Richard Gonzales
Steve Barrett/N/A

Richard Gonzales

Correspondent, San Francisco, National Desk

Richard Gonzales is NPR's National Desk Correspondent based in San Francisco. Along with covering the daily news of region, Gonzales' reporting has included medical marijuana, gay marriage, drive-by shootings, Jerry Brown, Willie Brown, the U.S. Ninth Circuit, the California State Supreme Court and any other legal, political, or social development occurring in Northern California relevant to the rest of the country.

Gonzales joined NPR in May 1986. He covered the U.S. State Department during the Iran-Contra Affair and the fall of apartheid in South Africa. Four years later, he assumed the post of White House Correspondent and reported on the prelude to the Gulf War and President George W. Bush's unsuccessful re-election bid. Gonzales covered the U.S. Congress for NPR from 1993-94, focusing on NAFTA and immigration and welfare reform.

In September 1995, Gonzales moved to his current position after spending a year as a John S. Knight Fellow Journalism at Stanford University.

In 2009, Gonzales won the Broadcast Journalism Award from the American Academy of Orthopedic Surgeons. He also received the PASS Award in 2004 and 2005 from the National Council on Crime and Delinquency for reports on California's juvenile and adult criminal justice systems.

Prior to NPR, Gonzales was a freelance producer at public television station KQED in San Francisco. From 1979 to 1985, he held positions as a reporter, producer, and later, public affairs director at KPFA, a radio station in Berkeley, CA.

Gonzales graduated from Harvard College with a bachelor's degree in psychology and social relations. He is a co-founder of Familias Unidas, a bi-lingual social services program in his hometown of Richmond, California.

[+] read more[-] less

San Francisco's Mission District will be one of four additional neighborhoods given preferential access to an affordable senior housing complex in an agreement between the city and the federal Department of Housing and Urban Development. Sean Gallup/Getty Images hide caption

toggle caption Sean Gallup/Getty Images

Harvard University's nation-leading $35.7 billion endowment suffered a 2 percent loss on its investments in fiscal 2016. Katarzyna Baumann#125911/Moment Editorial/Getty Images hide caption

toggle caption Katarzyna Baumann#125911/Moment Editorial/Getty Images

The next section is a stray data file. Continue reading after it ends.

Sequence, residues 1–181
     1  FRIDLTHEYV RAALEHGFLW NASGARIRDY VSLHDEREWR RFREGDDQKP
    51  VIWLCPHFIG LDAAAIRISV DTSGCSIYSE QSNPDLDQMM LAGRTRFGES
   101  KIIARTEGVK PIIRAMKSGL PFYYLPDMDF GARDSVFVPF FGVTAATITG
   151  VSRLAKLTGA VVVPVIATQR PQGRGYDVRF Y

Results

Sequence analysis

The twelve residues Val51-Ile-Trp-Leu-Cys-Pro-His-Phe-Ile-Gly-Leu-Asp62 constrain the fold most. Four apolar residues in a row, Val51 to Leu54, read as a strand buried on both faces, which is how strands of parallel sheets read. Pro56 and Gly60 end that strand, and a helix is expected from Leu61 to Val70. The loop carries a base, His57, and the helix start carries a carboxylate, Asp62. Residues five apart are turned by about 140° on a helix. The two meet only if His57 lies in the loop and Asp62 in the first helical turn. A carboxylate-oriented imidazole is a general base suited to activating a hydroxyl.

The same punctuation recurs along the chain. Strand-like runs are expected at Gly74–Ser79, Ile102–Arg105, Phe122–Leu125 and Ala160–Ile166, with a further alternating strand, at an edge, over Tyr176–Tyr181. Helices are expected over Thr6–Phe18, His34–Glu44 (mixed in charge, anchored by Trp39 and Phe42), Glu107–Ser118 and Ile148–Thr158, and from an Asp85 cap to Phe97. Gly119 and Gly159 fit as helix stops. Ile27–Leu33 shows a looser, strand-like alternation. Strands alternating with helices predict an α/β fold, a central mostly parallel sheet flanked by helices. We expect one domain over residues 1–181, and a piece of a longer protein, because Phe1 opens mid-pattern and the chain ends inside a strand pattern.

A self-driving Ford Fusion Hybrid Uber is displayed last week at the companies' Advanced Technologies Center in Pittsburgh. On Tuesday, the Department of Transportation will announce a set of policy proposals designed to ensure the safety of autonomous and automated vehicles. Gene J. Puskar/AP hide caption

toggle caption Gene J. Puskar/AP

About 5,000 people have entered the lottery for the proposed Willie B. Kennedy development in San Francisco's Western Addition neighborhood. Courtesy of Tenderloin Neighborhood Development Corp. hide caption

toggle caption Courtesy of Tenderloin Neighborhood Development Corp.

How 'Equal Access' Is Helping Drive Black Renters Out Of Their Neighborhood

  • Download
  • <iframe src="" width="100%" height="290" frameborder="0" scrolling="no" title="NPR embedded audio player">
  • Transcript

Edward Snowden, who is in Moscow, is seen on a giant screen during a live video conference for an interview as part of an Amnesty International event in Paris in December 2014. The House Permanent Select Committee on Intelligence published a summary report accusing Snowden of causing "tremendous damage to U.S. national security." Charles Platiau/AP hide caption

toggle caption Charles Platiau/AP

Protesters wear gas masks at a hearing over a leak at the Southern California Gas Co.'s Aliso Canyon Storage Facility near the Porter Ranch section of Los Angeles. On Tuesday, the utility pleaded no contest to a misdemeanor and agreed to pay $4 million to settle the case. Richard Vogel/AP hide caption

toggle caption Richard Vogel/AP

Republican presidential candidate Donald Trump (left) and vice presidential candidate Mike Pence. Pence released 10 years of his tax returns revealing a modest income. A Pence spokesman says Trump won't release his until after "a routine audit." Ross D. Franklin/AP hide caption

toggle caption Ross D. Franklin/AP

California State Sen. Fran Pavley, D-Agoura Hills, holds a bill signed by Gov. Jerry Brown, setting a new goal to reduce greenhouse gas emissions 40 percent below 1990 levels by 2030. Richard Vogel/AP hide caption

toggle caption Richard Vogel/AP

Former Virginia Gov. Bob McDonnell speaks outside the Supreme Court in Washington in April. Federal prosecutors say they are dropping corruption charges against McDonnell and his wife, Maureen, in light of the U.S. Supreme Court decision in June that overturned their corruption convictions. Andrew Harnik/AP hide caption

toggle caption Andrew Harnik/AP

The China team enters the stadium during the Opening Ceremony of the 2016 Paralympic Games at Maracana Stadium in Rio de Janeiro. The games feature more than 4,300 athletes from 161 countries. Hagen Hopkins/Getty Images hide caption

toggle caption Hagen Hopkins/Getty Images

Mexico's Finance Secretary Luis Videgaray looks down as President Enrique Pena Nieto announces Videgaray's resignation in Mexico City. Videgaray, one of Pena Nieto's closest confidants, reportedly engineered the unpopular decision to invite Republican presidential nominee Donald Trump to visit Mexico. Dario Lopez-Mills/AP hide caption

toggle caption Dario Lopez-Mills/AP